Yeah, it’s gear talk time.
A year ago, in May of 2012, I obtained an Olympus OM-D E-M5 micro four-thirds mirrorless camera. I’d been using my Panasonic GF1 for everyday shooting for a couple of years, but despite my general satisfaction with the shots it produced, the sensor was a bit limited when the light fell, and I missed having a viewfinder. When I first got it, I had to get out of the habit of jamming it up against my face.
“Enter the E-M5!” most reviews will say about here, for trendy dramatic writing purposes. Somewhat foolishly, I decided to take the Oly as my only camera on a trip to the UK to attend the London Festival of Photography, which was showing some of my work as part of the BME collective. I didn’t relish the idea of dragging (or “lugging”, as popular parlance would put it) the Invincible Rabbit (Canon 5D2) with two huge lenses all around that vast city for a week, and the Oly seemed like it would be up to the task.
It wasn’t. Oh, the photos themselves were ok, and the image stabilization worked wonders, but the new batteries hadn’t been charged enough times to live up to their regular battery life, and I only had two. Also, my main lens, which had been a delight on the GF1, namely the Panasonic 20mm f1.7, hunted like a basset hound in an old animated Disney flick whenever the light wasn’t stellar, which it mostly wasn’t. Slowly it would griiiind baaaaack and foooooorth before giving up, my would-be subject long gone. The Olympus 12mm and 45mm didn’t have such a problem, but they are not my favorite focal lengths. 50mm equivalents always felt a bit too close for the crowded alleys and byways of Taipei; 35 was more or less my target for a general-purpose lens.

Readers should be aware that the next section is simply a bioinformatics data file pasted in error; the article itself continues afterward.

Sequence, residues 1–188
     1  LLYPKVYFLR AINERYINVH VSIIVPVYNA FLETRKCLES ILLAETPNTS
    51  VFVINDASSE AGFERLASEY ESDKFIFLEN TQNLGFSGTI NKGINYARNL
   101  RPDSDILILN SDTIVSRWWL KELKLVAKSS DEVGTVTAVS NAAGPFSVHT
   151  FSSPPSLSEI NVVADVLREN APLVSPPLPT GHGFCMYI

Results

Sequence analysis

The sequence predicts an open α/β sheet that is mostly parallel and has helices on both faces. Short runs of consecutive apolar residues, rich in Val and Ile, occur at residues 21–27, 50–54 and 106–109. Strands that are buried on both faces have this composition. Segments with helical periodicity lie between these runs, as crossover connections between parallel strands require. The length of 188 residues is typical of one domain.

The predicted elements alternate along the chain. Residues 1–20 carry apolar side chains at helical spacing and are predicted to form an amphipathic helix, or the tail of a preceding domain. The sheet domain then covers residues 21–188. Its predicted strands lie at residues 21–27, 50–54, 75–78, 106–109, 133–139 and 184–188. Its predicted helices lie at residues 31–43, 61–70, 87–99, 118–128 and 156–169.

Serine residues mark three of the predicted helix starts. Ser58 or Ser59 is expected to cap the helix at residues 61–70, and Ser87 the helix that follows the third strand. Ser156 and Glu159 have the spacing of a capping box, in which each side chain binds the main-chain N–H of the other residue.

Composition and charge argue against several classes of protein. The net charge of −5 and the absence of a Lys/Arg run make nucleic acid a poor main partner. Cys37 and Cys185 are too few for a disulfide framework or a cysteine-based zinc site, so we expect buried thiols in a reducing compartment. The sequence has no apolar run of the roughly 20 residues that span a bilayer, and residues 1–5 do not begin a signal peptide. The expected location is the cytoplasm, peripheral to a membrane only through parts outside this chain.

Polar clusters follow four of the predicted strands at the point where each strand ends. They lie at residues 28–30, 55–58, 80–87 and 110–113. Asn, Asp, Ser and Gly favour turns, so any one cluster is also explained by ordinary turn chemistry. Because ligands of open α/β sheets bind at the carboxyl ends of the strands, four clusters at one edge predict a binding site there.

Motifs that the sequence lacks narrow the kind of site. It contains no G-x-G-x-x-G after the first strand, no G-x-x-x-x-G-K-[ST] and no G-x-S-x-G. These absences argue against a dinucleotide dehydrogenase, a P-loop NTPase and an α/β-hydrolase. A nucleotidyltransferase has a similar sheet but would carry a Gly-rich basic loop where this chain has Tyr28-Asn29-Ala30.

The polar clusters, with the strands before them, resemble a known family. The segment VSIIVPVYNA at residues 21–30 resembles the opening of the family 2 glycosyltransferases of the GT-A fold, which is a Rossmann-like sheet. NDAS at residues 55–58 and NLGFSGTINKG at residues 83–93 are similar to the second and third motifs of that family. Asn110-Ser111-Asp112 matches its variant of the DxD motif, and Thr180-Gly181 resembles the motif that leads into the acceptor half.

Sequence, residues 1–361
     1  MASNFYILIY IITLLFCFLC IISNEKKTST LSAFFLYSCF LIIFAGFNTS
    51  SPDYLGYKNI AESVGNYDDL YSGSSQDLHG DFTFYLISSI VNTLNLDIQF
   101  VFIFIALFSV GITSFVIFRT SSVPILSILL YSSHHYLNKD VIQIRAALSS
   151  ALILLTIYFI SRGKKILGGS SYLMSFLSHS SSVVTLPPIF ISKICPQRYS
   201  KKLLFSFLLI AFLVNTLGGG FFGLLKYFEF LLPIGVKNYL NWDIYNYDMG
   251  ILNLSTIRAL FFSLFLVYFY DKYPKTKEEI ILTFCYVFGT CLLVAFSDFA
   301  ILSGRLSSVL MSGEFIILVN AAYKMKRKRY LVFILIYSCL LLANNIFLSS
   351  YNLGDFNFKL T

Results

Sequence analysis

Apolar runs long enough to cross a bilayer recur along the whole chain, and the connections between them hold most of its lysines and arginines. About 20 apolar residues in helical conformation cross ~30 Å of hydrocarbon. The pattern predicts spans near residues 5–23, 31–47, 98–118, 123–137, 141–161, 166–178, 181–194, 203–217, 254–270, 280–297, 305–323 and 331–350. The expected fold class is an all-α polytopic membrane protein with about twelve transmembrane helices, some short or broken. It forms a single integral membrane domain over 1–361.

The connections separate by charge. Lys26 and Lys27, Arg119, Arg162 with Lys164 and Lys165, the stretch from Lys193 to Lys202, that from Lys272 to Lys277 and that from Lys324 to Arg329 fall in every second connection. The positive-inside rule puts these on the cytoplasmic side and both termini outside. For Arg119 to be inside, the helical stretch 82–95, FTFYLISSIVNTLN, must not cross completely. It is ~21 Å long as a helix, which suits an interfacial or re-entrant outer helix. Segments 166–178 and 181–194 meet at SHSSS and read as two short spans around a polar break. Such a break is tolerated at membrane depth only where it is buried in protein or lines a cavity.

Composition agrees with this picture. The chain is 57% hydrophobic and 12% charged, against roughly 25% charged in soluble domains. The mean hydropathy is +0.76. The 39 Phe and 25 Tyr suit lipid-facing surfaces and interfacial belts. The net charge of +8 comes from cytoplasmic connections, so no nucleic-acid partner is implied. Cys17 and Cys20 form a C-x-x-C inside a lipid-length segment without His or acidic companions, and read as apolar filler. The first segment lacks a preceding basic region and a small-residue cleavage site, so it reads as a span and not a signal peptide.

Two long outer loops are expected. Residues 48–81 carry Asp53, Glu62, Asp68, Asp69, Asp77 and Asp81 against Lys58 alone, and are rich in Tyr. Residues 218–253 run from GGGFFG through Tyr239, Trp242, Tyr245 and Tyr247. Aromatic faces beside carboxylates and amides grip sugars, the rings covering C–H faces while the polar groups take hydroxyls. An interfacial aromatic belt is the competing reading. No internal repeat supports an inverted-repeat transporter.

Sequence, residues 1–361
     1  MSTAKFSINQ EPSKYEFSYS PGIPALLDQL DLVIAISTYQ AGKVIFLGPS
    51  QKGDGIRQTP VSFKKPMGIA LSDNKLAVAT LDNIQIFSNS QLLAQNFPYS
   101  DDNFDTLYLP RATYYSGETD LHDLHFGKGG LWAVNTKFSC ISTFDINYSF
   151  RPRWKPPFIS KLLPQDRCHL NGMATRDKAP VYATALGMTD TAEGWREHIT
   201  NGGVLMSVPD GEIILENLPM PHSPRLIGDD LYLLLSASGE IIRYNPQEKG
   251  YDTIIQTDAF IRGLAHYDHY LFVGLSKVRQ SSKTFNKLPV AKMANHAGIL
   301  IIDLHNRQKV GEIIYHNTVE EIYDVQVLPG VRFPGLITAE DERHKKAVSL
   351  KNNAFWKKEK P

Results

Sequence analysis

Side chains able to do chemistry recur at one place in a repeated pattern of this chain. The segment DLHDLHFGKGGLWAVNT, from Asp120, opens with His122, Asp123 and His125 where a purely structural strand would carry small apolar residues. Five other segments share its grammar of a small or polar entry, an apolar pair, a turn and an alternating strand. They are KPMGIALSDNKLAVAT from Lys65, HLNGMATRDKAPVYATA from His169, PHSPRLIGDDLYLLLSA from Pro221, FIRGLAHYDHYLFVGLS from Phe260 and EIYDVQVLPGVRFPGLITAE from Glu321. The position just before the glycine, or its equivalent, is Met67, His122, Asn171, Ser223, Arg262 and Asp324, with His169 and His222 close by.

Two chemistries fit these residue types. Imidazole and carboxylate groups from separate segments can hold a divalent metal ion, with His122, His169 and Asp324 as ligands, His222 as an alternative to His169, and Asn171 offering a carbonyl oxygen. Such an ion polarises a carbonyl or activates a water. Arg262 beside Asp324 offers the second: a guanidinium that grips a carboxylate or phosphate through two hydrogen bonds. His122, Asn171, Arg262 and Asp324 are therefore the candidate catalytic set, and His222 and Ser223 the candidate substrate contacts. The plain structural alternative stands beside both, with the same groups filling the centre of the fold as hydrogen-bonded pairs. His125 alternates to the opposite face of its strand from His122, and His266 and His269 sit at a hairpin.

So, after returning home, I made do with the E-M5 as my everyday camera, but due to the frustrations with the 20, I used the 9-18 in good light and just cursed it roundly in bad. The batteries eventually attained reasonable lifespans, though I bought another just in case. My Leica M6 film camera also saw a good bit of use during this period.
Last Christmas I bought myself a present that would eventually transform the E-M5 into a much better camera: The Olympus 17mm f1.8. Was it instant magic? Alas, no, I wasn’t that lucky. Although the lens was far more willing to grab focus quickly and surely in most kinds of light, which was night-and-day after the 20mm, I landed a bad copy of the lens that had elements out of alignment so that the lower right corner was always front focused. I traded it for another copy that was slightly better in this respect, but still out of whack (It was this copy that I took on a trip to the Middle East earlier this year, probably also somewhat foolishly, as we were in cars or on camels most of the time, and I could have easily taken the Rabbit). When I got back, I sent the lens in to Olympus Taiwan for inspection, and they sent it back with the elements all in place. However, either they have a very moist work environment or the lab tech didn’t wear gloves, as the lens came back with a dirty interior element, which necessitated another trip for cleaning. Finally, I had a proper lens for this camera.